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3.5 out of 5 stars
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3.5 out of 5 stars
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on 13 May 2013
For years I could remember parts of this film but not which film it was.

*spolier*

All I could remember was a scene where a woman is drying her hair and the killer approaches her. For YEARS I was afraid to dry my hair thinking of the fact I couldn't hear anyone coming into the house. I know the chances are small but it was just a small thing that freaked me out for ages.

I think that is a sign of a good horror movie, a few scenes that are very memorable and stick in your mind, and parts of it that cause real fear for a few years in the future.

Anyway, after searching I found out this was the movie with that scene and purchased it. I think it's a brilliant horror movie and I enjoyed watching it, even the dreaded hairdryer scene! I would recommend it to all horror fans. It's something a bit different but still good.
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on 2 August 2013
U.S. Distributor Scream factory have released SHOCKER on blu-ray now
with an all new HD transfer in 1: 85:1 ratio
which does look beautiful, very nice sharp & clear picture quality no Doubt about it
SF have done an excellent Job with this new HD transfer
better than this Optimum dvd version
plus a new 5.1 master audio mix has been added, again better quality than the Dolby stereo mix
plus being a Scream factory blu-ray there's all new special features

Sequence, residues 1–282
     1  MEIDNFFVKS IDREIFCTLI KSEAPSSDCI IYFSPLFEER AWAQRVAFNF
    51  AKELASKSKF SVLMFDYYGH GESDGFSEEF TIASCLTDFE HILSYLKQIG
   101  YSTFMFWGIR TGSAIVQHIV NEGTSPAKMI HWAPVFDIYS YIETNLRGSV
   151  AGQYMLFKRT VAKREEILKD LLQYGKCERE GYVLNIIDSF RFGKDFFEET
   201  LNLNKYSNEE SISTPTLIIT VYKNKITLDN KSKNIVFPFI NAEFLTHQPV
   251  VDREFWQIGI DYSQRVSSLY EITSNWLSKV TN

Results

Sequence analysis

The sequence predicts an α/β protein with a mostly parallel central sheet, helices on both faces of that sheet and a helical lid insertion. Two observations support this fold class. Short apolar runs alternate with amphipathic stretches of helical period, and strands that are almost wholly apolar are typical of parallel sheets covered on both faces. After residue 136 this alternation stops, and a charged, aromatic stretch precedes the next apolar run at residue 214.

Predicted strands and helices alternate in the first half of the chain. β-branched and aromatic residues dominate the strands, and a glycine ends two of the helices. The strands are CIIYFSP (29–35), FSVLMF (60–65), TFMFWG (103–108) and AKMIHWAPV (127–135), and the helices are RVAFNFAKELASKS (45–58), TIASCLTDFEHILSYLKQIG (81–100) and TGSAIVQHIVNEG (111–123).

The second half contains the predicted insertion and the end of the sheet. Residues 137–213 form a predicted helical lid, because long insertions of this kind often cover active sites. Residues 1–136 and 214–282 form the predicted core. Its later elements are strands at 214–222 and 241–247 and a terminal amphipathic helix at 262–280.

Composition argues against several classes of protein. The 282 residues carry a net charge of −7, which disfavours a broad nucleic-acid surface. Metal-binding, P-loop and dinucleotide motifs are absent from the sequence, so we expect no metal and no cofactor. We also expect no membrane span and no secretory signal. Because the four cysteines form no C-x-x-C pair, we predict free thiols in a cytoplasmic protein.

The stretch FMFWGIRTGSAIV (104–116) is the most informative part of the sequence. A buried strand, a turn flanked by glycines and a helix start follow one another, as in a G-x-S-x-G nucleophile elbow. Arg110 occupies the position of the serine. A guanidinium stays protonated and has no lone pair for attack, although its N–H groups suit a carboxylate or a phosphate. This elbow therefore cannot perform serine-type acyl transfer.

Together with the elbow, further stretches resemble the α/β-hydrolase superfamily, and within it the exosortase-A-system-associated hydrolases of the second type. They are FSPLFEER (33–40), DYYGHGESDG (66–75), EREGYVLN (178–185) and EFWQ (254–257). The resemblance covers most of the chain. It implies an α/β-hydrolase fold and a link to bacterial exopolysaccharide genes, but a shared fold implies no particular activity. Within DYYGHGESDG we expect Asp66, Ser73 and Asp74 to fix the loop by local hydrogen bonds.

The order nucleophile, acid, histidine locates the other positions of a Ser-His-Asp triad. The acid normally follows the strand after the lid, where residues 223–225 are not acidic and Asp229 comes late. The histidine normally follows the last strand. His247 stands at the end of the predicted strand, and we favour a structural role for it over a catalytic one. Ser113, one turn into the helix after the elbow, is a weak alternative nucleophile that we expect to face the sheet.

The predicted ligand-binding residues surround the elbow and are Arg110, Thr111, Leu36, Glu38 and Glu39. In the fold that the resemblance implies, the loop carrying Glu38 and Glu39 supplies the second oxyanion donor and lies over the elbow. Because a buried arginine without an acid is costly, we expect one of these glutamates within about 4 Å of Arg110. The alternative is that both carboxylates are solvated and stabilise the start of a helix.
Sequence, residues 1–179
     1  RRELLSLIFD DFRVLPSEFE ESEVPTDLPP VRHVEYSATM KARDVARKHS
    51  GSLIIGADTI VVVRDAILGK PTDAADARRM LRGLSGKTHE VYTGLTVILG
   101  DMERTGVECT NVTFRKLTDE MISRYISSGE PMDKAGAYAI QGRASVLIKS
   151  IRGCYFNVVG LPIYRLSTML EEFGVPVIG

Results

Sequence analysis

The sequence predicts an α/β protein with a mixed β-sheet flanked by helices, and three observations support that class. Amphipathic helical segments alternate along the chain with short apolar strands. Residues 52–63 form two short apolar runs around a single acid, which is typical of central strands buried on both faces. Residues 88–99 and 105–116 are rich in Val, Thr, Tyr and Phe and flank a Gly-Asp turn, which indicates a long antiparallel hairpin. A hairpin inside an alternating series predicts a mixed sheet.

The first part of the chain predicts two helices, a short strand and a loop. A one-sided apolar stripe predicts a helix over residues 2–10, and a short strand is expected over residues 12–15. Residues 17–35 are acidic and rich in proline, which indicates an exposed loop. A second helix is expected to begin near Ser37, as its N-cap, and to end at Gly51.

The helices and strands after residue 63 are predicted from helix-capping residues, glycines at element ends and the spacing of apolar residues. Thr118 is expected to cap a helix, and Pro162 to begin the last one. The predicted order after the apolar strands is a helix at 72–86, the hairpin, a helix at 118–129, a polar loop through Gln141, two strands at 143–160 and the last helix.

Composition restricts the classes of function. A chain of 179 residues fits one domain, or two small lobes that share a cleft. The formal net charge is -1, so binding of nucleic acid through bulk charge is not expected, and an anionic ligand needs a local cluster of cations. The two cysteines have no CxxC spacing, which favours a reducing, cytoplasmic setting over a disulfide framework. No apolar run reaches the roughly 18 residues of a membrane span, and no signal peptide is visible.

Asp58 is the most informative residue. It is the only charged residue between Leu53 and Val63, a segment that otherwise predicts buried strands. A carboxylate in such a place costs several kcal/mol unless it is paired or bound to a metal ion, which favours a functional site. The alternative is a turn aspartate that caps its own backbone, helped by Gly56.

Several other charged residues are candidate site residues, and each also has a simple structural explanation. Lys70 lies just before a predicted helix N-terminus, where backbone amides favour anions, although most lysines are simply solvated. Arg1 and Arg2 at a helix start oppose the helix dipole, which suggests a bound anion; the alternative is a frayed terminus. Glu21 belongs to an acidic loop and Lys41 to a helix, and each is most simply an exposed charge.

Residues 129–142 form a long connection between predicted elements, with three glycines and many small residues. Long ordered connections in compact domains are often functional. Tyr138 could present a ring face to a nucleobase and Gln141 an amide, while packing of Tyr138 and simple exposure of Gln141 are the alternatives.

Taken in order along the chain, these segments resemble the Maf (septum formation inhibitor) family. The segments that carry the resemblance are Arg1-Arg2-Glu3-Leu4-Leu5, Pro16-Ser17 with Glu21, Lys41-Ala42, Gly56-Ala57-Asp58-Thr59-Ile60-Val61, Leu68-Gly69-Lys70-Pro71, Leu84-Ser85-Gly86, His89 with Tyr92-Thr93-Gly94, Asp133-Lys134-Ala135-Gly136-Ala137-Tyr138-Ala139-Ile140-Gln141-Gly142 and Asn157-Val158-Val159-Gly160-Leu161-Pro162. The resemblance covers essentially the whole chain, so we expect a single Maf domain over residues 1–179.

the old Universal dvd had no extras
so these new extras are very exciting
CABLE GUY- new interview with Actor Mitch Pileggi who plays serial killer Horrace Pinker-17mins
ALISON'S ADVENTURE'S new interview with actress Cami cooper -17mins
IT'S ALIVE new interview with Producer Shep Gordon-12mins
NO MORE MR NICE GUY-THE MUSIC OF SHOCKER-26mins
which has interviews with some of the Musicians that contributed to the sound track
Vintage making of featurette recorded during the filming of shocker
this featurette includes an interview with Wes craven himself 8min 50sec
plus 2 AUDIO COMMENTARIES
1st is the Wes craven commentary, the 2nd is a new commentary
with Director Photography Jacques Waitkins, music composer William Goldstein
plus the usual TV spots, radio spots, Stills Gallery, and original Trailer
so definitely time to upgrade and get this new blu-ray version which is region A locked actually
you can buy it for $20 on amazon.com and get it shipped to the U.K.
all Scream factory blu-ray's are region A locked
so U.K. fans will need all regions player
1 star for this optimum dvd, 5 stars for this new blu-ray version
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on 21 April 2015
Ultimately disappointing effort from horror legend Wes Craven. Shocker feels like a vain and desperate attempt for Craven to get his name back with the big boys. Though 1989 when this was released spelt the death of serial killer movies anyway.

The problem for Craven is that he so wanted Shocker to be the next Nightmare on Elm Street and Horace Pinker the killer in the movie the next Freddy Krueger. He's obviously looked at the success of the Elm Street movies, the comedic toned ones and thought that he could replicate that. But this effort just seems forced.

Peter Berg plays a very unfortunate soul who sees his family sans his dad, his friends and his girlfriend all wiped out by a serial killer who is also a TV repair man. Berg has some sort of pro cog power where he can dream and get himself in the situation set up- and this is the problem it all feels too samey. Also once Pinker has died he can transform into different bodies, i'm sorry this was done well enough in THE HIDDEN, which came out before this movie.

There are some highlights though, namely Mitch Pileggi who plays Pinker- he seems to revel in this role and really hams it up. Berg as our hero isn't too bad, but the script is so poor his performance just seems flat. The finale which includes Pileggi and Berg jumping through television sets onto actual movies is quite fun, if poorly executed. The movie certainly has overtones of comedy- but it just isn't funny. Perhaps Craven needed this venture to somehow give us the modern classic SCREAM which would appear 7 years later.